Chateau Haut-Brion 2005
Bordeaux Red Blends from Pessac-Leognan, Bordeaux, France
The color is so dense that the wine seems almost black. The nose has an intensity of aromas that are mind-blowing. It can never disavow its origins as we find all the complexity that is so well known for characterizing Haut-Brion: its notes of smoke, of cigar and roasted coffee grains. The whiff of fresh fruit is also present: currants and cherries. From the first approach this wine startles one with its density. It is long in the mouth plus creamy, big, powerful and fresh. It takes a hold of you and penetrates your senses. Power and harmony are the distinctive traits of this vintage. The aromatic persistence is incredibly long. This perfectly balanced wine will without a doubt become one of the biggest successes of our Domaine.
Wine Spectator - "This is incredible on the nose, showing coffee cake, blackberry, floral, coffee bean and vanilla bean, with Chinese spices. A very complex, full-bodied red, with seamless, hyperpolished tannins that caress every millimeter of the palate. Lasts for minutes. So beautifully balanced, I'm left speechless. Is it even better than the 1989? Best after 2017."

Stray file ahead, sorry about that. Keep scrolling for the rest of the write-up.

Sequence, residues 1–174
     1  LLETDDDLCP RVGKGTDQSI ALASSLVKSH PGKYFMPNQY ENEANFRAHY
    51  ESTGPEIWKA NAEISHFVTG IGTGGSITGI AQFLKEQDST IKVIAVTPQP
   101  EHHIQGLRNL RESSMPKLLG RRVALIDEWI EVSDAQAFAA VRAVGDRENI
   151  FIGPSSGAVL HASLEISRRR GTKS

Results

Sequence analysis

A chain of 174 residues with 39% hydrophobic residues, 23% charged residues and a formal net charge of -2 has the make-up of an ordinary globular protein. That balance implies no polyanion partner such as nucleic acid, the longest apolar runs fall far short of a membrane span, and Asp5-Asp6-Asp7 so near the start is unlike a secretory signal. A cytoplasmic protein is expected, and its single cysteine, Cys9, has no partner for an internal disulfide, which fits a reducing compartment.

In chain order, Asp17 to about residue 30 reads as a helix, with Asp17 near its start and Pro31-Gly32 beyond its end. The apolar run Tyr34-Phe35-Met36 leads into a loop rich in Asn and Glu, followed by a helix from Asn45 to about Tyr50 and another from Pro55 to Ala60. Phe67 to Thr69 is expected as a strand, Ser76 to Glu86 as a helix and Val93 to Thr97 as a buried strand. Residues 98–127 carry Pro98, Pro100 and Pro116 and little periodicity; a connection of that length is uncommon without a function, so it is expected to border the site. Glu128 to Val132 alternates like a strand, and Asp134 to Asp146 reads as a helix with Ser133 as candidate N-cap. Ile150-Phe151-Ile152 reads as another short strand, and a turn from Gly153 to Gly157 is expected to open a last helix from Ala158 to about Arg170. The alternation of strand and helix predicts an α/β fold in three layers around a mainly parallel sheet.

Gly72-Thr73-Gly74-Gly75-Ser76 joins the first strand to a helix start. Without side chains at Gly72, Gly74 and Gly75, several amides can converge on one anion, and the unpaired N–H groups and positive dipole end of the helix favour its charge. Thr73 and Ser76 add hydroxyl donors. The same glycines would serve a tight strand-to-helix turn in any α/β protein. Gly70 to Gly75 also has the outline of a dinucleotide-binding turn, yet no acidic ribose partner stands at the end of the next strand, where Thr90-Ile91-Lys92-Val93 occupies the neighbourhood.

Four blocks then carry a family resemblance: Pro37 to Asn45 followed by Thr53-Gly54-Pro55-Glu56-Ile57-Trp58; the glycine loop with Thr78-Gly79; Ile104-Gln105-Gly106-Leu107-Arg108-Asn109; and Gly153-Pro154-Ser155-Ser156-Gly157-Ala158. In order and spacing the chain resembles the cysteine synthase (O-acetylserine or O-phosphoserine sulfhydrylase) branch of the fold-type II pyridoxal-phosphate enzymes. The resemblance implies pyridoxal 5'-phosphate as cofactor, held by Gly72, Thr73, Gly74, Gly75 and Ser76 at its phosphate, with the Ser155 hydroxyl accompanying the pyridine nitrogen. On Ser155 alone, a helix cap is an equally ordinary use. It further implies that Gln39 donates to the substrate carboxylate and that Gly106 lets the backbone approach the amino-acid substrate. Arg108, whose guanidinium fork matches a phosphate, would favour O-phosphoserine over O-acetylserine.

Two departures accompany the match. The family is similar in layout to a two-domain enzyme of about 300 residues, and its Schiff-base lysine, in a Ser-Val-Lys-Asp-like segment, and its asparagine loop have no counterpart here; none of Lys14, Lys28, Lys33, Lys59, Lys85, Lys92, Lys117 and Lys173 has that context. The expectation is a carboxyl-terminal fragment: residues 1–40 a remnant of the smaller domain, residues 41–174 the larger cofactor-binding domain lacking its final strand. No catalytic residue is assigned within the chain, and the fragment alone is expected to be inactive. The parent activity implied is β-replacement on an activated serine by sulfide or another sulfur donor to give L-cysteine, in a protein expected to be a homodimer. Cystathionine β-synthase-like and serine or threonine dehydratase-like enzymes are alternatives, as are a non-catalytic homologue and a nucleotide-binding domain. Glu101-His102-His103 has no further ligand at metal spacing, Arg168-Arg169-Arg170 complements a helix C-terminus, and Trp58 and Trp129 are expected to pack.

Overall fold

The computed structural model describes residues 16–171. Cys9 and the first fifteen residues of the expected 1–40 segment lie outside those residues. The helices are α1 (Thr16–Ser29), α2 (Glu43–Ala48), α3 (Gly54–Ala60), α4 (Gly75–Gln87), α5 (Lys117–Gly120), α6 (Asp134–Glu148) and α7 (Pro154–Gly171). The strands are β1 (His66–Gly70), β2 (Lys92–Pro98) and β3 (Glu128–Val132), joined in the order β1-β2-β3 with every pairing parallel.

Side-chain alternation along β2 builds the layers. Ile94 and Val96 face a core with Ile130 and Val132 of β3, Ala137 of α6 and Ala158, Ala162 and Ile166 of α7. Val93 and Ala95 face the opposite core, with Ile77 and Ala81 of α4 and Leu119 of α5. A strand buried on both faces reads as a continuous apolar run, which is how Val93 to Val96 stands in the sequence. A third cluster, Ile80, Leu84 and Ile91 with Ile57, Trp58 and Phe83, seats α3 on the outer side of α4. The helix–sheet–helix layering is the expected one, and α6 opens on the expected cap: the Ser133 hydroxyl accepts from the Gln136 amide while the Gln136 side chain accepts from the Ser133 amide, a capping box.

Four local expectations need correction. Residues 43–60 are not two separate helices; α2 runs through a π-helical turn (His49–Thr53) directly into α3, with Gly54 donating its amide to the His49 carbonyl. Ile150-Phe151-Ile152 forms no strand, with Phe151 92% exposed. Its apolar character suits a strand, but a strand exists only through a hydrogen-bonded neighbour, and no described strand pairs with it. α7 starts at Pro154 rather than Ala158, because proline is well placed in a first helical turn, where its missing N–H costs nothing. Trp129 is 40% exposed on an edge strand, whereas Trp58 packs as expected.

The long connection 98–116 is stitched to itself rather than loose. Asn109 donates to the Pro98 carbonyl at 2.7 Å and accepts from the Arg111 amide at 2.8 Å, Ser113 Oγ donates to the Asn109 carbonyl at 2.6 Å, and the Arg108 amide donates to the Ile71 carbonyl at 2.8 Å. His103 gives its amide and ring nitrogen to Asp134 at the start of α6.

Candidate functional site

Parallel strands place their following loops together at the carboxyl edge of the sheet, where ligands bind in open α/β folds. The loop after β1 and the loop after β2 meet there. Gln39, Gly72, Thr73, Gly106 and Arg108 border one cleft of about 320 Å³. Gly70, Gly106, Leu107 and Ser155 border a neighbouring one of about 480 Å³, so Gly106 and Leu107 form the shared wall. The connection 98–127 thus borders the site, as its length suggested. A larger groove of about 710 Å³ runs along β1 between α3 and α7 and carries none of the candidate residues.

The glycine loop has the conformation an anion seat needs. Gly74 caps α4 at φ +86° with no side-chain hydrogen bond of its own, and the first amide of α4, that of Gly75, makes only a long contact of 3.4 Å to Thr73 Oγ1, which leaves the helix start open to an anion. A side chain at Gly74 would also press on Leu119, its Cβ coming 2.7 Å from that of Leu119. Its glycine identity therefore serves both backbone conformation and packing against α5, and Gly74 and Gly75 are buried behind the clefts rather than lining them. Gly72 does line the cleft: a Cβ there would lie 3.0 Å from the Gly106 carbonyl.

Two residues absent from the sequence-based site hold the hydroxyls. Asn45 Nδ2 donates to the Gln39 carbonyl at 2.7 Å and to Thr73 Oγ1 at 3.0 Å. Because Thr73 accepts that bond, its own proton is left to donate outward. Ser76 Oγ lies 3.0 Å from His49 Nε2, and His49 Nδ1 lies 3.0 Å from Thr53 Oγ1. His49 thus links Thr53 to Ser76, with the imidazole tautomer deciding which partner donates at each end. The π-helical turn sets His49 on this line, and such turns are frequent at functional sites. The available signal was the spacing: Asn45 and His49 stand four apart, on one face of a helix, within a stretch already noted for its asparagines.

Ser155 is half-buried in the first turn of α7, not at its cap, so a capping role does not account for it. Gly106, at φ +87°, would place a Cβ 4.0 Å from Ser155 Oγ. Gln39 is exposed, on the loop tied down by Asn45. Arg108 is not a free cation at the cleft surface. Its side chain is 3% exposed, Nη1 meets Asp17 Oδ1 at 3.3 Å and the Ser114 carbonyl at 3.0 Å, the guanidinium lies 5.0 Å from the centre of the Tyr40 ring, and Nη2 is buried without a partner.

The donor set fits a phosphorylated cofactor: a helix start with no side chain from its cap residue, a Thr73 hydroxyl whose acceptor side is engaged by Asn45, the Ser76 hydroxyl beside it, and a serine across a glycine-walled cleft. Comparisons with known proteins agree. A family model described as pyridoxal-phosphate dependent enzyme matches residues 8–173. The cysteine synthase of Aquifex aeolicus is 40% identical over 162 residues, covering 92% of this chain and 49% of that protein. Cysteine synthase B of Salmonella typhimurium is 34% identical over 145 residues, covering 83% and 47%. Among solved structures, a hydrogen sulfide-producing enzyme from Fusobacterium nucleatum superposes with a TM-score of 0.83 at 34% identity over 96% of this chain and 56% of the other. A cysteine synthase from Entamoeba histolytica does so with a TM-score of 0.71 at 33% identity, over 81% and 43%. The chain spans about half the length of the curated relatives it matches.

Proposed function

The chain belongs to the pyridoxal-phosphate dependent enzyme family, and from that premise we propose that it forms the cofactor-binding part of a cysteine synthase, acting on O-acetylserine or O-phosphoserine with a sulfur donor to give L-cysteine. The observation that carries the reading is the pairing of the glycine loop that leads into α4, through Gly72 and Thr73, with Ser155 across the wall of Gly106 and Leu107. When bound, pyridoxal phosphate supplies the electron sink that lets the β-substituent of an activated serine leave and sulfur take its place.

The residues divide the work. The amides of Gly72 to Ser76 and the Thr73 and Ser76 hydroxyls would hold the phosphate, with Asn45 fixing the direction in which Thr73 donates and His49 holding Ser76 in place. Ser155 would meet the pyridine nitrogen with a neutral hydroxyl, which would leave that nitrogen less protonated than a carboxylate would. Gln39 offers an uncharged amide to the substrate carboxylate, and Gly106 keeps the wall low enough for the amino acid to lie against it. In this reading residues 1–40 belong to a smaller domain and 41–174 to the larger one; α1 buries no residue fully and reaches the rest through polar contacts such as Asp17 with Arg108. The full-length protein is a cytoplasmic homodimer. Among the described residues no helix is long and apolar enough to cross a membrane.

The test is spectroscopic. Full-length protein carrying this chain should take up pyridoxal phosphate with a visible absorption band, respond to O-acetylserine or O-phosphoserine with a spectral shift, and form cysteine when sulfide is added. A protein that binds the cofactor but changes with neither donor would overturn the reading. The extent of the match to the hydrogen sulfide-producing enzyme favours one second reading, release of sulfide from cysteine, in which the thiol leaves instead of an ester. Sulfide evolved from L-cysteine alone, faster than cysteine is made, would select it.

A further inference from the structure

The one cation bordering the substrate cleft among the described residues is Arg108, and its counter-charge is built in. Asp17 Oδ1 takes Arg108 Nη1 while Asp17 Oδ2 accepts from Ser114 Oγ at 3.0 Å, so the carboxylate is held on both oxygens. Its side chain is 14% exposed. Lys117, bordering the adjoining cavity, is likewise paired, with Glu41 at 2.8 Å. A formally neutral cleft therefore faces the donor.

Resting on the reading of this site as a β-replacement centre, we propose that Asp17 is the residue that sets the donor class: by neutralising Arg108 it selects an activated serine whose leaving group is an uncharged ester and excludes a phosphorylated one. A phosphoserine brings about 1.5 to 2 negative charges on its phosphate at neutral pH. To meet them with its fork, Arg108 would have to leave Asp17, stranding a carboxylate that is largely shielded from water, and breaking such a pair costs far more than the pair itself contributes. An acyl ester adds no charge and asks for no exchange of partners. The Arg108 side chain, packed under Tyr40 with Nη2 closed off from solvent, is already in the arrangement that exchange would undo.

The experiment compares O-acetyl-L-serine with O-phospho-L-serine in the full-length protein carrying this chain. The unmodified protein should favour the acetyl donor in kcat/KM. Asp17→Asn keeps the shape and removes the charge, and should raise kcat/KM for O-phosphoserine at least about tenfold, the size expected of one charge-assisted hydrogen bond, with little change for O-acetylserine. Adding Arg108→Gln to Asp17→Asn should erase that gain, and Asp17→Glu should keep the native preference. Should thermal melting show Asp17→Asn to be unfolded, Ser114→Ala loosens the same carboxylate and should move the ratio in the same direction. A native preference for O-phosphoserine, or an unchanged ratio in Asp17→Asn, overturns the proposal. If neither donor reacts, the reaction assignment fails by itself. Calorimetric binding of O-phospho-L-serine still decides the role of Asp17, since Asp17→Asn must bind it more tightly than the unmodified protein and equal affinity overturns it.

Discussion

Vinous / Antonio Galloni - "One of my wines of the night, the 2005 Haut-Brion is stratospheric. Remarkably vivid and nuanced, the 2005 presents a compelling mélange of dark flavors laced with the savory/mineral notes that are so typical of Haut-Brion. The 2005 is a thrill to follow in the glass, as it continually reveals new shades of its personality, something I consider a common attribute among all of the world's truly great wines. The dense, explosive finish points to a very bright future. Readers who own the 2005 should be thrilled, as it is truly magnificent."
The Wine Advocate - "Another profound effort from Haut-Brion, the 2005 (a 9,000-case blend of 56% Cabernet Sauvignon, 39% Merlot, and the rest Cabernet Franc) has bulked up to the point that it is fair to compare it to the great successes of 1989, 1990, 1995, 1996, 1998, and 2000. A dark ruby/purple color is followed by a nuanced, noble bouquet of blue and red fruits interwoven with wet stones, unsmoked cigar tobacco, scorched earth, and spring flowers. The wine is full-bodied, pure, and complex as well as exceptionally elegant with laser-like precision. The tannins are still serious and substantial, and in that sense, this is a completely different style of Haut-Brion than the opulent, silky-textured 1989 and 1990. As I have written before, it comes across as an improved, more concentrated and structured version of the 1995 or 1998. Patience will be required for this stunner. Anticipated maturity: 2017-2040+."
Wine Enthusiast - "A big, virile wine, dominated by dark and firm tannins. The structure comes from powerful black fruits, the wood only showing as dry edge to the tannins. It’s firm, obviously destined for long aging, with initial blackberry fruits powering through the density. A stupendous wine that will last many decades."